eg: Fly from Manchester to Birmingham - your current position is overhead Stafford, Your flight is diverted to East Midlands. What heading do you take up?
Turn map right way up - East Midlands is in the 3 O'clock position so, 3 X 3 =9 New heading = 090
Diverted to Liverpool - Liverpool lies about 11 O'clock so, 11 X 3 = 33 new heading 330 deg

-----------------------------------

.. needing wind direction in remote places when you have very little reference, it helps to note that if there is cattle in the field near your chosen put down they will have their butts to the wind. So you'll want to be looking in their eyes when step out...you can Ripley that if you dare.

-----------------------------------

Always check the fuel tanks yourself (visually!) - This is not just for student pilots, but I had a case 4 yrs ago, it was just a few weeks after i passed by Skill test and embarked on a short trip with my father-in law from Cranfield to Peterborough. On take -off, noticed both gauges reading erm...pretty empty.. waited until i levelled off and started to panic. Made a precautionary landing at Little Staughton and yes, you guessed it, almost empty. No way would I have reached Peterborough.

Turned out that when i booked the aircraft out, i was told "It's had an hour out of full tanks" - It turns out the aircraft had been out twice after that and not recorded in the log book - So, DONT take anybody's word for it. Always CHECK.

-----------------------------------

Some useful ballpark methods when flying common trainers:

Max wind drift = 2/3 of wind speed, then eyeball the cross-wind components by projecting on the map track.
(e.g. wind 30kts icon_arrow.gif max correction angle is 20deg)

Minutes to waypoint = 2/3 of nm (e.g. 40nm icon_arrow.gif 27min)

Both rules are calibrated for 90kts and are still good around this value. The latter in particular, needs to be adjusted for ground speed if far from this figure. I use a simple linear rule: if speed is 10% above 90 then decrease time and angle by 10%. For slower I increase time angle in the same way.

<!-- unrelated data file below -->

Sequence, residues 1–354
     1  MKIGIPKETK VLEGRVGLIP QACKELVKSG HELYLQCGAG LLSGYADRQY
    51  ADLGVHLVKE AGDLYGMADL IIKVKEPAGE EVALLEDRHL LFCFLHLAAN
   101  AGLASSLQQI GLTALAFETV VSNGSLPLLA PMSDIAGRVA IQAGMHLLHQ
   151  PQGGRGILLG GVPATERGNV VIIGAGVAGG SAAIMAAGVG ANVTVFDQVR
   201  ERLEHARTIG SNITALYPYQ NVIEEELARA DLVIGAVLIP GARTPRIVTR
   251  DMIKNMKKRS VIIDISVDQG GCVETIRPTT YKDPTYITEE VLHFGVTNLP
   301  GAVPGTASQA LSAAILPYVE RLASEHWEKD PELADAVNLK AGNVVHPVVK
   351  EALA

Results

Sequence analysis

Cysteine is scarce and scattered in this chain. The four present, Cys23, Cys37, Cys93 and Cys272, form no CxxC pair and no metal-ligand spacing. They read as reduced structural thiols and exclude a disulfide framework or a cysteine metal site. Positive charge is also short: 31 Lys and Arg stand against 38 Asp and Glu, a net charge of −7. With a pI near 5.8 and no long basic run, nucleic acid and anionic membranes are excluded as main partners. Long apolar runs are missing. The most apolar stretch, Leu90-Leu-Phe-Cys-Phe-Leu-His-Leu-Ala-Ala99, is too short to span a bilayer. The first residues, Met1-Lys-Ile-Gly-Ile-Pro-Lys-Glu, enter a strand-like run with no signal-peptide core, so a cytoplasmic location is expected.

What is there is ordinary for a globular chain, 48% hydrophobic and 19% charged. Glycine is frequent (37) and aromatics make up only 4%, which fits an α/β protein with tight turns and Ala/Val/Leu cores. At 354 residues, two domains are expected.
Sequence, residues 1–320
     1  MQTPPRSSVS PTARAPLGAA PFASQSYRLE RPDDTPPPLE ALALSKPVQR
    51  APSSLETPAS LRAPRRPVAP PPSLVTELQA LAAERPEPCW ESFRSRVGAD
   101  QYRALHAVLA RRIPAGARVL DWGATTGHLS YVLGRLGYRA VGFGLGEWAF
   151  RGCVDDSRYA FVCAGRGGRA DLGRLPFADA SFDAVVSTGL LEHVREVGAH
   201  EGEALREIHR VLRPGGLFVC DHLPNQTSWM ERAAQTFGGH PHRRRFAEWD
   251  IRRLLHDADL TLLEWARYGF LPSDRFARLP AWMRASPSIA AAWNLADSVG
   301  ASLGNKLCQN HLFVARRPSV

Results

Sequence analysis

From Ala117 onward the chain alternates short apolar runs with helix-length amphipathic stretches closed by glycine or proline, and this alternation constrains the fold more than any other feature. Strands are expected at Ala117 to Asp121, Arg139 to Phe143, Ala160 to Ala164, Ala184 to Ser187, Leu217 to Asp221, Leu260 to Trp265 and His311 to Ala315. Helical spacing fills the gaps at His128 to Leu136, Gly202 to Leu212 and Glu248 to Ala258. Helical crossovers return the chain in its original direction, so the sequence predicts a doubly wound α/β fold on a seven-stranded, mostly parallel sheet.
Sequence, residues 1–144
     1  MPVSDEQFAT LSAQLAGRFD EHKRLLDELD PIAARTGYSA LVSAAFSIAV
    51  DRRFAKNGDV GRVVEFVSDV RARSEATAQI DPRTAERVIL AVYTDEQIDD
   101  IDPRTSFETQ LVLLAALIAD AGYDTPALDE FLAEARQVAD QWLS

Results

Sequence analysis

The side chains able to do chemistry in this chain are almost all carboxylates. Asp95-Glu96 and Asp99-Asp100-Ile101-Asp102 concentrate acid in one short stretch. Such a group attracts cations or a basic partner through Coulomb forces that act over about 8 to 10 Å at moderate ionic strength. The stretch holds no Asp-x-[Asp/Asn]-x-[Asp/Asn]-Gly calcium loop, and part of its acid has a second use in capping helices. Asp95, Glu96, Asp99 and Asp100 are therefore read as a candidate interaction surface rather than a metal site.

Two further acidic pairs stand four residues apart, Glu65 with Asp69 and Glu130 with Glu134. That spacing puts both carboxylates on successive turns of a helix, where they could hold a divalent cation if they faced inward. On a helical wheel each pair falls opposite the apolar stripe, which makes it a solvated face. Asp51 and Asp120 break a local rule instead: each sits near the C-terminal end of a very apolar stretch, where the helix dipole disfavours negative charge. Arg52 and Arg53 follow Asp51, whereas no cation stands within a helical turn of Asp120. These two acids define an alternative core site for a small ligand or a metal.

Wind forecasts are not that accurate so there's little point in being too accurate in your calculations. However keep in mind that these rules become less accurate as wind speed or distance increases or speed decreases.

-----------------------------------


Primarily for Students, but equally applicable for licensed pilots.

Check out the AIS AIC updates regularly as they do change, this is especially relevant to students who are about to take their exams, for example in the latest (2002) edition of Thoms the following have already changed.

AIC 12/1997(Pink 134) is now 39/2002 (Pink 30)
AIC 15/1999 (Pink 186) is now 87/2002 (Pink 39)
AIC 104/1998 (Pink 176) is now 93/2002 (Pink 8)
AIC 12/1996 (Pink 120) is now 67/2002 (Pink 36)

so make sure you revise the correct information.

This is just an example of the changes in the Pink section, which is one of five sections.

-----------------------------------

To estimate the cloudbase the following day, take the maximum daytime temperature from the tv forecast and subtract it from the overnight minimum temperature and multiply by 400. E.g. 20 - 12 = 8 degrees, 8 times 400 = a cloudbase of 3200 feet. You will find it pretty accurate!

-----------------------------------

(most relevant for Student Pilots)

Don't ever let the plane get somewhere that your mind didn't get to 5 minutes earlier!

-----------------------------------

10° of difference between Runway direction and wind = 1/6th